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Civil Aviation (Bermuda Agreement)

Volume 928: debated on Monday 21 March 1977

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asked the Secretary of State for Trade what further progress has been made on renegotiating the Bermuda Agreement.

The fourth round of negotiations for a new Air Services Agreement was held in London from 28th February to 11th March. Some progress was made towards agreement on the methods of regulating capacity on North Atlantic services and establishing tariffs. The negotiations will be resumed in Washington on 28th March.

Is it not the case that the Americans have still absolutely no intention of restricting the activities of their airlines to a policy of single designation? What is the Government's policy with regard to regulation as opposed to competition?

The Government are in favour of competition, but not by means of putting such grossly excessive capacity on the North Atlantic that it means a gross waste of fuel at a time when energy conservation is important and leads to excess fares paid by customers travelling over the North Atlantic. It is not true to say that the United States has entirely ruled out the idea of single designation. What we are concerned with is a system of capacity control. In the last negotiations the United States made certain proposals in this regard. We are now negotiating with the United States, and I am sure that the hon. Gentleman would not wish me to reveal the whole of our negotiating position.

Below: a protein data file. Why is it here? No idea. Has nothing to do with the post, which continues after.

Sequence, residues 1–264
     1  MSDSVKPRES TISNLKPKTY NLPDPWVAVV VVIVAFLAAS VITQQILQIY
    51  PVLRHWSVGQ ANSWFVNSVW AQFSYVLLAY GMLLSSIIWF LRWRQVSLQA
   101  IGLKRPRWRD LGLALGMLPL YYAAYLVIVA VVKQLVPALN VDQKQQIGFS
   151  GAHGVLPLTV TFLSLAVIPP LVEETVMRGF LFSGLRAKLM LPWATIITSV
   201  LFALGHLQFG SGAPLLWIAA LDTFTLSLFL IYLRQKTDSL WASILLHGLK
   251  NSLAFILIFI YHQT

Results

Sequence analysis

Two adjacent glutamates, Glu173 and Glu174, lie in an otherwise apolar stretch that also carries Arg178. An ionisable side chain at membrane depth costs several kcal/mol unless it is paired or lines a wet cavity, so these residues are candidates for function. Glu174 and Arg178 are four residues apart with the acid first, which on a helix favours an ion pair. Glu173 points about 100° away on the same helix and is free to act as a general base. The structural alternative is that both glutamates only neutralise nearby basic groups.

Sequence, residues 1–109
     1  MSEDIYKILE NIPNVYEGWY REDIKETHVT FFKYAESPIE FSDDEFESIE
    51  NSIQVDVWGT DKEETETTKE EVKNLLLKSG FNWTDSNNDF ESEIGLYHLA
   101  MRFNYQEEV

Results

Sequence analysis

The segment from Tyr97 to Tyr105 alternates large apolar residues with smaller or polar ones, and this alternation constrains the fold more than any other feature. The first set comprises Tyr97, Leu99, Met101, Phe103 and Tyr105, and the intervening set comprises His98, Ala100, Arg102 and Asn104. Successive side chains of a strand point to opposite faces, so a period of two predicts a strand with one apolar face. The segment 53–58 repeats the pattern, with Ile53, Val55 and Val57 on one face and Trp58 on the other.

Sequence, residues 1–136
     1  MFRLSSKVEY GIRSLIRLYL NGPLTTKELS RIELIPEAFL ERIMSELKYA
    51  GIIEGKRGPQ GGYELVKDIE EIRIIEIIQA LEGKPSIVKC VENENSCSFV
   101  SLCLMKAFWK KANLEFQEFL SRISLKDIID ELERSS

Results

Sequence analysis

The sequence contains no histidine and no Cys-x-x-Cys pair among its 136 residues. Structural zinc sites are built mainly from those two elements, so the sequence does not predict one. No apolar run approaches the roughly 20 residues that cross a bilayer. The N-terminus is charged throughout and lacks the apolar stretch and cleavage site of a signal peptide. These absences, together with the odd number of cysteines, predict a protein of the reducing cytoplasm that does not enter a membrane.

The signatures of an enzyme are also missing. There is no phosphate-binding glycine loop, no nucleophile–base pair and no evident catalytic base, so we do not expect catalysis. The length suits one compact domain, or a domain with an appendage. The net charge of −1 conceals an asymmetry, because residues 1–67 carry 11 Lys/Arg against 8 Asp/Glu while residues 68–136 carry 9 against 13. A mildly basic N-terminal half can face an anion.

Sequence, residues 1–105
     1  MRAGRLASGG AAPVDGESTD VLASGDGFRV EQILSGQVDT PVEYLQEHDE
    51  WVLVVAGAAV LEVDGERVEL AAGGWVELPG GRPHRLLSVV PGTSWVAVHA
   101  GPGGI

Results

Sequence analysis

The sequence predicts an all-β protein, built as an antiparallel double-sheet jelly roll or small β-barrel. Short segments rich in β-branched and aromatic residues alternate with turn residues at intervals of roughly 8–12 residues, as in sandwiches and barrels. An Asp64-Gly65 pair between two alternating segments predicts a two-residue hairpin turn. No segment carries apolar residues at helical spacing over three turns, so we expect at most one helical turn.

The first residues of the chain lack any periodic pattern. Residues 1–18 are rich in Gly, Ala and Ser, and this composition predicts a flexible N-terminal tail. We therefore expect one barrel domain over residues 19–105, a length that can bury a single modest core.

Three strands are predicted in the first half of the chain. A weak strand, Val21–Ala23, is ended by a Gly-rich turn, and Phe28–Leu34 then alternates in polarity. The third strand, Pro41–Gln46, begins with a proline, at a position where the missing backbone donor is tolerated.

Within the concept of capacity control, will the Minister consider introducing regulations for the control of air freight and passenger charter flights?

We have, of course, considered whether charter should come within the renegotiation. The present view of both parties is that it should not, althugh charters are closely connected with services across the North Atlantic. That is the basis upon which we are negotiating at the moment and it seems more convenient to both sides. We want a memorandum of understanding with the United States to govern the operation of charters, and I think that that is better done outside these negotiations.

As the United States Government have already stated that they do not have the authority to stop aircraft in certain circumstances landing within the United States, is the right hon. Gentleman satisfied that they are in a position of authority to sign such an agreement?

That is a very interesting question which we shall have to discuss during the negotiations. We have had many disagreements with the United States Government on the interpretation of the Bermuda Agreement. One of the reasons why we wish to renegotiate the agreement is so that we can have an agreement that both sides understand and which is actually operated. We believe that there are cases where the United States has not operated the Bermuda Agreement. The landing rights of Concorde at New York are one example.